There are certainly good questions to be asked about what one needs 100 or even 50 Mbps for at the moment, but pushing the  boundaries is important as it helps to pull the entire market up, and encourages innovative new applications to be developed which can use that bandwidth. Indeed the take-up of the 50 meg service is not very high, but it does help Virgin market itself as the provider of the fastest broadband services.

So why does Virgin Media need to think about this when BT’s FTTC services aren’t even going to keep up with Virgin’s current ’50 meg’ service? BT services are more flexible as you can buy it from various providers who can bundle it with many other solutions providing you a range of services suitable for your requirements. This may mean faster upload speeds, multiple IPs, etc.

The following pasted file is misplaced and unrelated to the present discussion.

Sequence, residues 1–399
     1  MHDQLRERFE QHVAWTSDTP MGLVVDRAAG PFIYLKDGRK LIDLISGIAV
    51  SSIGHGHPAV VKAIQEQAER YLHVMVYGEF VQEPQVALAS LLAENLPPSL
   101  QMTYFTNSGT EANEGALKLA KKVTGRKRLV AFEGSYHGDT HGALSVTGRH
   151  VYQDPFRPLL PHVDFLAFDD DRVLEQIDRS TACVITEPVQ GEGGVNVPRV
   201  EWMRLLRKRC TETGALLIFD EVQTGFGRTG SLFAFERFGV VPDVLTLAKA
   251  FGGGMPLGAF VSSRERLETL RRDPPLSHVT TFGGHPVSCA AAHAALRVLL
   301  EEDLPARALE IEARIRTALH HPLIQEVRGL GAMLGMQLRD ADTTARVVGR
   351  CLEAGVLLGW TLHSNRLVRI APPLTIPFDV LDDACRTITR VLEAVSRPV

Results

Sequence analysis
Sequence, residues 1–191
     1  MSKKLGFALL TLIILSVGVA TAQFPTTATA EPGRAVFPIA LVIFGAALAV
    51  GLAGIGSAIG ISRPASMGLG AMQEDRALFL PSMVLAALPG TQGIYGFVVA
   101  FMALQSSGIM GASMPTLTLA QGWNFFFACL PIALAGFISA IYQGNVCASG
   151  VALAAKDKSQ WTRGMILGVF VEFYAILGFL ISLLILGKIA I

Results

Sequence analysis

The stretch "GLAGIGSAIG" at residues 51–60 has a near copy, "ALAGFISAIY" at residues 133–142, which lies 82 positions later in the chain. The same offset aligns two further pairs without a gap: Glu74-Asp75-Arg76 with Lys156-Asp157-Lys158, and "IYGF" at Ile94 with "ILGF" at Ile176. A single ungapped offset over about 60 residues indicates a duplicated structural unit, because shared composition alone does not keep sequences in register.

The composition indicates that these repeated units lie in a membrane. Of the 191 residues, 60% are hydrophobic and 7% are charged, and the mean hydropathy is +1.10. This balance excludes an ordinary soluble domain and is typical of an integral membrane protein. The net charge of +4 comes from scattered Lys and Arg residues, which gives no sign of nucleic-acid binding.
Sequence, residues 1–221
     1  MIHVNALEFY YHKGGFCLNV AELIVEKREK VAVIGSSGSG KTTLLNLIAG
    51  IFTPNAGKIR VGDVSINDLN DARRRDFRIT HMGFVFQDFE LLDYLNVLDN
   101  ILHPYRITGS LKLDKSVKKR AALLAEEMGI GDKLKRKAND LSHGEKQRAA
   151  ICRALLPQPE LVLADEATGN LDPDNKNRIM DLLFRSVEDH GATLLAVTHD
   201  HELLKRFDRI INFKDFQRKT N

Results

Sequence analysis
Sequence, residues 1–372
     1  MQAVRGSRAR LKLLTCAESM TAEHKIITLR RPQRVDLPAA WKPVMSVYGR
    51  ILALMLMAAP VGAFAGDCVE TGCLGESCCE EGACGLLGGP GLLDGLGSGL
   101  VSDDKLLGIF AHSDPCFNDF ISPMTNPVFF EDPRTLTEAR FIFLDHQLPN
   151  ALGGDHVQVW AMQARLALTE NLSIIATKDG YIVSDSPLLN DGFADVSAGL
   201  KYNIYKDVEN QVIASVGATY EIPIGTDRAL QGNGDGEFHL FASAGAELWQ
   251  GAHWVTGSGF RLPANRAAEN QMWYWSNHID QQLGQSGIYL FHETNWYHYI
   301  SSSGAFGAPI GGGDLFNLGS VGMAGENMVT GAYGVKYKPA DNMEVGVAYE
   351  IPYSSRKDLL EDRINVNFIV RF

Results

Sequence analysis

There are four key features which I feel Virgin Media ought to be looking at, in order to increase take-up of their fastest services (and therefore increase their margins):

1. Offering static IPs and routed IP blocks for customers

Many of the ‘power users’ who are prepared to pay up to £38/month for a super-fast broadband service would also be looking for either a small block of IPs or at the very least a static IP address. This makes it easier to access one’s network remotely, or configure your own VoIP service, something these ‘geeks’ are quite likely to want to experiment with. This has been one of the reasons I have not considered it as an option personally.

2. Increasing upload speeds

The fastest upload speed on a Virgin Media service is 1.5 Mbps (on the 50 meg ‘XXL’ service). Whilst this is well within the range of competition for premium services, it’s certainly not something to shout about. Virgin should be looking to try and extend this to the 5-10Mbps range; this would mean ADSL providers would struggle to deliver anything similar for quite some time.